ISS and Astronaut seen from Earth

Credit & Copyright: Ralf Vandebergh
Explanation: These two frames, taken with a video camera and a telescope, reveal remarkable details of the International Space Station (ISS) orbiting some 350 kilometers above planet Earth. Recorded during last month's visit by the crew of shuttle orbiter Discovery on mission STS-119, the pictures show extended solar arrays glinting in bright sunlight against a dark sky. They also likely capture the blurred image of a spacewalking astronaut during the mission's EVA-2 (Extravehicular Activity-2)! The astronaut is installing equipment along one of the station's truss assemblies. Astronomer Ralf Vandebergh, who often images the ISS during its favorable passes through Dutch skies, comments that no other bright ISS structures occupy the position indicated in the inset, and that a reflective, white-suited astronaut would be visible against the truss and correspond to the bright blur. Vandebergh notes that the timing and location further suggest the spacewalker is STS-119 astronaut Joseph Acaba.

Medieval Astronomy

Medieval Astronomy from Melk Abbey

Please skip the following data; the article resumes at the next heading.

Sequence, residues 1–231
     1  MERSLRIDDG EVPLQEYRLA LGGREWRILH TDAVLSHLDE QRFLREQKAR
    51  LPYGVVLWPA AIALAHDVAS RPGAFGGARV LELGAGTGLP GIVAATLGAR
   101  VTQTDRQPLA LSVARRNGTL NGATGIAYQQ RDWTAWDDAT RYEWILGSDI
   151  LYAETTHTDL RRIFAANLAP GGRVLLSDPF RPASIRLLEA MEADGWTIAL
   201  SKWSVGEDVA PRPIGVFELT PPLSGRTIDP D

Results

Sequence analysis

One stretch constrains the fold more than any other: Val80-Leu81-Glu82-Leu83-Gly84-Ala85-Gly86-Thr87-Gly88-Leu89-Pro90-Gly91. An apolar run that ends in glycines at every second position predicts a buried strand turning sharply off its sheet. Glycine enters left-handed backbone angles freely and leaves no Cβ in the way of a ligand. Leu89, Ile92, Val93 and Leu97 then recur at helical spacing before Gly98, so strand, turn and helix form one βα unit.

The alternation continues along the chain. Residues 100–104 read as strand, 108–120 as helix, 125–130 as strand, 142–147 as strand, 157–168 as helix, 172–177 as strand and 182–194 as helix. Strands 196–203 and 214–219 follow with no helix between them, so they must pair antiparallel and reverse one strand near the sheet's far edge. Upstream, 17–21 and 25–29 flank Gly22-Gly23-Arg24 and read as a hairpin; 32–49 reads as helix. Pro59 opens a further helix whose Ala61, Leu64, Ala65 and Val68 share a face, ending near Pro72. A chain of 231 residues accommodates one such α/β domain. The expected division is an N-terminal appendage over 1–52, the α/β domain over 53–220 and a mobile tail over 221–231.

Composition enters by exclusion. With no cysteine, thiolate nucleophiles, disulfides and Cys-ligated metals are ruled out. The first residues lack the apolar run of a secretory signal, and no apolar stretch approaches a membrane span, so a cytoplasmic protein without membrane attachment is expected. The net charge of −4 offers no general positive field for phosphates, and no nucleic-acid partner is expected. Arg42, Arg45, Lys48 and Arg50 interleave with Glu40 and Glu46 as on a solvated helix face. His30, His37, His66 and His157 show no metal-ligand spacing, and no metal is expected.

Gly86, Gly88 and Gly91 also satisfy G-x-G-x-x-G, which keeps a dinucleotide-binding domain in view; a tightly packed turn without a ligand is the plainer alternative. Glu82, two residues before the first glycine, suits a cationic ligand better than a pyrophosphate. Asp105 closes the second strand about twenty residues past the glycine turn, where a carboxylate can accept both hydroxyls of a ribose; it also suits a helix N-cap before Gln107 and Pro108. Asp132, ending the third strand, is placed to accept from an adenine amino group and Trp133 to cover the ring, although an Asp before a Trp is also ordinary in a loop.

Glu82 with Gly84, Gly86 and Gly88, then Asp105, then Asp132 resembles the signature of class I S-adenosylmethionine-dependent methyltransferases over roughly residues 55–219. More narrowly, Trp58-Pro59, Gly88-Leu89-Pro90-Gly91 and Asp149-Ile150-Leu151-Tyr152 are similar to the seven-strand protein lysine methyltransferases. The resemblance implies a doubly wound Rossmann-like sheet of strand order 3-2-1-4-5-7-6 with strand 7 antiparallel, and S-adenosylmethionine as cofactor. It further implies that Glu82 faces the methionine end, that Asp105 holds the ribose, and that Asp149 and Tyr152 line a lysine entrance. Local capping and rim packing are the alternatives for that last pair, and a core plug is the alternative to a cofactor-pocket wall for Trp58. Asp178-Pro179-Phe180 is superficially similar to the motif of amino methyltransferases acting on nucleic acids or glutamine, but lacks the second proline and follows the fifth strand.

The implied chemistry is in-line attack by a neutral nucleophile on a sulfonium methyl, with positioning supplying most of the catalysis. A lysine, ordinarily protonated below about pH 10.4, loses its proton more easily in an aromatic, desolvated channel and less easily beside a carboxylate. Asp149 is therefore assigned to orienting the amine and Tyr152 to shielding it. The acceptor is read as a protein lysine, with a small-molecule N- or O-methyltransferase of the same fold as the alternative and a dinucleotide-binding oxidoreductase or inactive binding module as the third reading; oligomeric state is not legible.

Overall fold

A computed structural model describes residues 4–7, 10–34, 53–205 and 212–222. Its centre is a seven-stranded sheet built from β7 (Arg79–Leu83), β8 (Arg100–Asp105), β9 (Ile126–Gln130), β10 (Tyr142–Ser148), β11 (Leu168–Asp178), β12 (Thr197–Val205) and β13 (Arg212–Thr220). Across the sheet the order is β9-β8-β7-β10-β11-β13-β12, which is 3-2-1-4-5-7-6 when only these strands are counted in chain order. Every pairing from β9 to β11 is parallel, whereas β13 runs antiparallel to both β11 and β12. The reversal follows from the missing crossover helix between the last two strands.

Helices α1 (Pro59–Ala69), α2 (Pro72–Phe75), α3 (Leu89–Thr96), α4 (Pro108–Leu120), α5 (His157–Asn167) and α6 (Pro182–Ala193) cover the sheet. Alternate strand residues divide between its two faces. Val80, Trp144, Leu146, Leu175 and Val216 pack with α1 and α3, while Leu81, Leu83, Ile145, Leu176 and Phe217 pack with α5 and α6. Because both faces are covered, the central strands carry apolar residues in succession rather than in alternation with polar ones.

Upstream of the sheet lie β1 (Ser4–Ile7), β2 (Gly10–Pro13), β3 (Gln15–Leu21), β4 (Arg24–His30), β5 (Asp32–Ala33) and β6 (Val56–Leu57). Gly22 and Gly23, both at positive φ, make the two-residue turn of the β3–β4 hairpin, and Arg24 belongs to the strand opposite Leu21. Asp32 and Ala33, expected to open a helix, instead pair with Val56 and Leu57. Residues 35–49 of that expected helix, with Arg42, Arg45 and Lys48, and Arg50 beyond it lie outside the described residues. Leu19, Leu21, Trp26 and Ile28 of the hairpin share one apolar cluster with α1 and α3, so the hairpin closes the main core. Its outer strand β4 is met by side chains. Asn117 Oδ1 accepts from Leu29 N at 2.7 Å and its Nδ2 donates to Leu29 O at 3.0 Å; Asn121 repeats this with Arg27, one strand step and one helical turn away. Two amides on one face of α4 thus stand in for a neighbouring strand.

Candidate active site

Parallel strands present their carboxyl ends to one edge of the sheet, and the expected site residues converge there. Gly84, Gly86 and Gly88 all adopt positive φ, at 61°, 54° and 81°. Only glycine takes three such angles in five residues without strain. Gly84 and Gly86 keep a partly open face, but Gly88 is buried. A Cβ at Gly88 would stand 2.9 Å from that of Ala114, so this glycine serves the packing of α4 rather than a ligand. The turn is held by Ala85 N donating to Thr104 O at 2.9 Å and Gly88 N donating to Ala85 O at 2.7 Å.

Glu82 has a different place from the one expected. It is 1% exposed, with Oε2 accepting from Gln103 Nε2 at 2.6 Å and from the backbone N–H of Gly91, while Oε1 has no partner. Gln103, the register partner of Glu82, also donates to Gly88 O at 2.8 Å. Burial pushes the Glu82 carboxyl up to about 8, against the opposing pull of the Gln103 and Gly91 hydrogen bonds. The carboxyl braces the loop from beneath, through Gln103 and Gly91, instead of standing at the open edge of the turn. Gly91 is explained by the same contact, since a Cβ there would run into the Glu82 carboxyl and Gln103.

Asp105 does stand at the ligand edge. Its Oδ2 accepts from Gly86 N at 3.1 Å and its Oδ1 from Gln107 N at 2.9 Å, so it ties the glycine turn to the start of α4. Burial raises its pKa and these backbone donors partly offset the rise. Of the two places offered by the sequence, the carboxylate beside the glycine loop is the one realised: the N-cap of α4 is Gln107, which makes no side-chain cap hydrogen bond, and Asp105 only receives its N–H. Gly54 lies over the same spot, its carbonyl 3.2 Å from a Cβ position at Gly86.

Discovered by accident, this manuscript page provides graphical insight to astronomy in
medieval times, before the Renaissance and the influence of Nicolaus Copernicus, Tycho de Brahe, Johannes Kepler, and Galileo.
The intriguing page is from lecture notes on astronomy compiled by the monk Magister Wolfgang de Styria before the year 1490 at Melk Abbey in Austria.
The top panels clearly illustrate the necessary geometry for a lunar (left) and solar eclipse in the Earth-centered
Ptolemaic system.
At lower left is a diagram of thePtolemaic view of the solar system and at the lower right is a chart to calculate thedate of Easter Sunday in theJulian calendar.
Text at the upper right explains themovementof the planets according to the Ptolemaic system.
The actual manuscript page is on view at historicMelk Abbey as part of aspecial exhibition during the International Year of Astronomy.